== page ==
Eat cake. Marie Antoinette said it best, let them eat cake! Rice cakes, that is. Yeah, I've heard the hype too...cardboard, styrofoam...actually, rice cakes aren't that bad. Try topping with refried beans, salsa and cheese. Or nut butter and chocolate chips. Or just cheese and tomato, slightly toasted. (yes, you can toast rice cakes. Use a toaster oven, and only pop them in long enough for the cheese to melt)

Beyond the sandwich: You don't have to stick to your fallback lunches. Recycled dinners go well in lunchsacks. Chili tastes better the second or third day and can be paired up with gluten free crackers or chips. Shred chicken onto a salad. Burritos make good leftovers, too.

Bring Breakfast: Breakfast can do double duty. Trader Joe's sells gluten free waffles that taste fan-tabulous, even after they've been sitting in a lunchbox for 2 hours. Top with peanut butter and jelly, or slice up and dip in maple syrup. Bring some breakfast meat for protein, or a container of yoghurt. You can even pack up a tupperware of your favorite gluten free cereal and a thermos full of milk (my not-celiac husband's favorite snack-meal)

Now, why am I suggesting gluten free waffles but not gluten free bread? The fact is, the gluten free alternatives simply taste more appealing in a baked good. Bread is supposed to be bread like. It has a specific texture. There are a varieties of textures and densities in baked goods. And it's a lot easier to simulate a normal waffle than it is a 'normal' slice of bread. Once you've recovered from shock, by all means, try out the gluten free bread's out there. But, prepare yourself. They cost 3 and 4 times as much as their you may still need a few bread-less suggestions.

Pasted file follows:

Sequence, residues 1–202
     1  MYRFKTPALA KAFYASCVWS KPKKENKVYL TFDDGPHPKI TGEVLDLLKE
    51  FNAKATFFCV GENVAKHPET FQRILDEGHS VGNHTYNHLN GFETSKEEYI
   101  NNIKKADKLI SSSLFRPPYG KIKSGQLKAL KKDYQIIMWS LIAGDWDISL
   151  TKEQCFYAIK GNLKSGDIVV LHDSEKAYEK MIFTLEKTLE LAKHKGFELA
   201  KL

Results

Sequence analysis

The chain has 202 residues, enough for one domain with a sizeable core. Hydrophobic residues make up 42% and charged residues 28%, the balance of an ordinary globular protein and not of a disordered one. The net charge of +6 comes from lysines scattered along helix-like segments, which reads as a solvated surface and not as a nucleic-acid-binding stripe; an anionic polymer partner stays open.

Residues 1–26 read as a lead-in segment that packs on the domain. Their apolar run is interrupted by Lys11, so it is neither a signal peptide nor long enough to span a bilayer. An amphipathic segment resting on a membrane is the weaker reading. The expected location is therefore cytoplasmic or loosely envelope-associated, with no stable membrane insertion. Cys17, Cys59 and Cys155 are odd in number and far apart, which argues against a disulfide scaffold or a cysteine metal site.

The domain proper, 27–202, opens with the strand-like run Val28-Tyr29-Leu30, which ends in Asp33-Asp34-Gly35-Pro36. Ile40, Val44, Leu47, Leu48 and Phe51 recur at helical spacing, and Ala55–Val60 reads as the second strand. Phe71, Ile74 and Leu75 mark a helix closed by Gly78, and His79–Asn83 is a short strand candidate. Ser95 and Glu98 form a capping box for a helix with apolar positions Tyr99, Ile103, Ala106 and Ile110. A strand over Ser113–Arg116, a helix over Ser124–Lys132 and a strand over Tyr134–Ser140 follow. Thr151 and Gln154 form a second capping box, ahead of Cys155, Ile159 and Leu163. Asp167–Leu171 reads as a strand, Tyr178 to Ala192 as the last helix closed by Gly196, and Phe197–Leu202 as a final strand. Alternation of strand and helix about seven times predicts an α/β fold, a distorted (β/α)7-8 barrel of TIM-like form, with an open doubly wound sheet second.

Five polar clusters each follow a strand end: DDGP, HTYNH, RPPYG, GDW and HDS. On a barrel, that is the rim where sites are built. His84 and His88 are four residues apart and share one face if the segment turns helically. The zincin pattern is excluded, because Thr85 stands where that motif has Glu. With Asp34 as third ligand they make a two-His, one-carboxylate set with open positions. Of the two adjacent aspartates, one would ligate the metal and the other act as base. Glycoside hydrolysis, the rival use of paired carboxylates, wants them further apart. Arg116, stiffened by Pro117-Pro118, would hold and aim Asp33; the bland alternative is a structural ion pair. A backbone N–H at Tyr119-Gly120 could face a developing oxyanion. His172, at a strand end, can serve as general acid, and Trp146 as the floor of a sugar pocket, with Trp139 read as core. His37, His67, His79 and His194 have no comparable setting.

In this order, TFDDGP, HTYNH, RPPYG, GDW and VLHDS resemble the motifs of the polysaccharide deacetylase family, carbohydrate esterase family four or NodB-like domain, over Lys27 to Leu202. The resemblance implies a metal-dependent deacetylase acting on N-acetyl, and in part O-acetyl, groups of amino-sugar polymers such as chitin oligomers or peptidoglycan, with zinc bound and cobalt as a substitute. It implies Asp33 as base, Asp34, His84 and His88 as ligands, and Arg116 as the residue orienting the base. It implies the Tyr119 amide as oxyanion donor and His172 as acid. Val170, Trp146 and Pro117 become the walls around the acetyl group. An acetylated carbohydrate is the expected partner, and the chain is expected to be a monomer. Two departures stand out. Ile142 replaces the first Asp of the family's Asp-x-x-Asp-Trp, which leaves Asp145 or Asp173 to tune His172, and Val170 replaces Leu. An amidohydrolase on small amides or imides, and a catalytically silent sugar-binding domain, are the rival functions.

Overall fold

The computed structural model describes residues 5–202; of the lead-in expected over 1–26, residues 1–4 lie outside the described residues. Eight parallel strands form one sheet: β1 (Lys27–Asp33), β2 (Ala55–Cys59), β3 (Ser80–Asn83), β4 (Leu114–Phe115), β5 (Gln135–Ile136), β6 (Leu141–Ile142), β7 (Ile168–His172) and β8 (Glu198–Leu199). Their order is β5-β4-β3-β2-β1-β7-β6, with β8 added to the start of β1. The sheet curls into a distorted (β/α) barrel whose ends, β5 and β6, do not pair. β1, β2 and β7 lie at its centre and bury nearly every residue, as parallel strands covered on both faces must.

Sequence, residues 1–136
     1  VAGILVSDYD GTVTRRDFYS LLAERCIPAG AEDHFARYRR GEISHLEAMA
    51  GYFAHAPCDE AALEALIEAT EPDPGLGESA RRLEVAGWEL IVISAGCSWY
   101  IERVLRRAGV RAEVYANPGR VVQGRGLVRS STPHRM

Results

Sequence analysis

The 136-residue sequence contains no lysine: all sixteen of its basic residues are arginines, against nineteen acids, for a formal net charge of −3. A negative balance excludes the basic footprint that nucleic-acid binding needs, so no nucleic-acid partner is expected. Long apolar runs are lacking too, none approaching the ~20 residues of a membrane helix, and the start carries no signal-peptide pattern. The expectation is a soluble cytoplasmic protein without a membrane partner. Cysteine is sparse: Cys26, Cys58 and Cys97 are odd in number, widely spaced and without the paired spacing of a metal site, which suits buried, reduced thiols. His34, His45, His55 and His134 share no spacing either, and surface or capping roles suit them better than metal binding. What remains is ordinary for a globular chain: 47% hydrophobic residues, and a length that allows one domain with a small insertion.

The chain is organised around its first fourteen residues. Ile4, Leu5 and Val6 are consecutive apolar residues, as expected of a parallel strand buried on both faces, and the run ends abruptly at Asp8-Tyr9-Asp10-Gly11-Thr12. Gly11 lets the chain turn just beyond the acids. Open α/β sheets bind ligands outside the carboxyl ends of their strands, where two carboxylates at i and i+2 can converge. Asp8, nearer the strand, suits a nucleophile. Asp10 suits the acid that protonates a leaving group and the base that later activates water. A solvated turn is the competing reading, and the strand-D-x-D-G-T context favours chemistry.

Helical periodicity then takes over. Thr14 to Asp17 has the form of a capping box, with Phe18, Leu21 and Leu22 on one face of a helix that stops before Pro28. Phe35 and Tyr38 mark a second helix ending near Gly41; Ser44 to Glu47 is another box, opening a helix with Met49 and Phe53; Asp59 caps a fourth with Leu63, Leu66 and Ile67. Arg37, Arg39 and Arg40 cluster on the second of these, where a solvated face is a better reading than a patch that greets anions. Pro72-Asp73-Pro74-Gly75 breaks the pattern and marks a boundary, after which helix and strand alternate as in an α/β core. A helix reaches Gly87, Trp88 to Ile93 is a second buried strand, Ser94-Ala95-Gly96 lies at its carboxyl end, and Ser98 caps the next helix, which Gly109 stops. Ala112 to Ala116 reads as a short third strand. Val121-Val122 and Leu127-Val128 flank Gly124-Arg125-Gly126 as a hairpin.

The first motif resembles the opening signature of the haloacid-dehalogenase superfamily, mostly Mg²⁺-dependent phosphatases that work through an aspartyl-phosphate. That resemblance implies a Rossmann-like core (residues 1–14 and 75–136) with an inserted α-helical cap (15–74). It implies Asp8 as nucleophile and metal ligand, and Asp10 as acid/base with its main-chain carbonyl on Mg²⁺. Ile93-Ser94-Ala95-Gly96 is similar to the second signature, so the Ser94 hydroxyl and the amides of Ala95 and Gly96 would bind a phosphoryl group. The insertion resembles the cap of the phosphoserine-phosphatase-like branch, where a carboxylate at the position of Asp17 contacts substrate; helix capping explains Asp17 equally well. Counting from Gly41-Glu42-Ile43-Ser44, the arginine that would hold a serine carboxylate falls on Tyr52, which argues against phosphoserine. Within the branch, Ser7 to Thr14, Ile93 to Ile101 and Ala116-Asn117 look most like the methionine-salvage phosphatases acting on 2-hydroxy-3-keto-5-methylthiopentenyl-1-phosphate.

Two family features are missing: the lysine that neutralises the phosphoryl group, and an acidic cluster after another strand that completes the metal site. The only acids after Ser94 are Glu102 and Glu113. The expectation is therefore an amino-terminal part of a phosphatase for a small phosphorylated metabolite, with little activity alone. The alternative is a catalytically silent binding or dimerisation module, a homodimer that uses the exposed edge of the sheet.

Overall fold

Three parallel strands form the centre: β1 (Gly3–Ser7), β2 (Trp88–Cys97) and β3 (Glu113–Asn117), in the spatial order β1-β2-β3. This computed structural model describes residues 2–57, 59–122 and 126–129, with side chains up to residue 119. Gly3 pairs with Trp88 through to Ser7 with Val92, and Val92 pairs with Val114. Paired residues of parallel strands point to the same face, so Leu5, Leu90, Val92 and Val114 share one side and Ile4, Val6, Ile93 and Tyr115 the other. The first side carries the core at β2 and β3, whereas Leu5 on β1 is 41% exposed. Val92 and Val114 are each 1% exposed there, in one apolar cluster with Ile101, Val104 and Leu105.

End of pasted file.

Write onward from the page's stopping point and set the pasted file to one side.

The options are endless, but you only really need to come up with 5 good ones. Write them down. A work-week's worth of brown bag lunches, almost effortlessly. You won't miss the gluten. Well, you won't miss it much anyway.

Do you pack a gluten free lunch?

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    • msviolets profile imageAUTHOR


      9 years ago

      Thank you! In my experience, the more we think about what we can't have, the harder it is to recognize what we CAN. Hopefully this hub will help people relax and get (safely) creative. :-)

    • Just Ask Susan profile image

      Susan Zutautas 

      9 years ago from Ontario, Canada

      Very informative hub. I have a friend that I will share this with as she has just been diagnosed with Celiac disease and I think she would find your article quite useful. Thanks and Welcome to HubPages.

    • bizzymom profile image


      9 years ago from New York

      This is a great hub. It is well written and informative. While no one in my family has Celiac, my son's friend does. When we had a bunch of his friends over, I had to look up gluten free foods to serve. This article makes me less nervous about hosting his friend in the future. Thanks!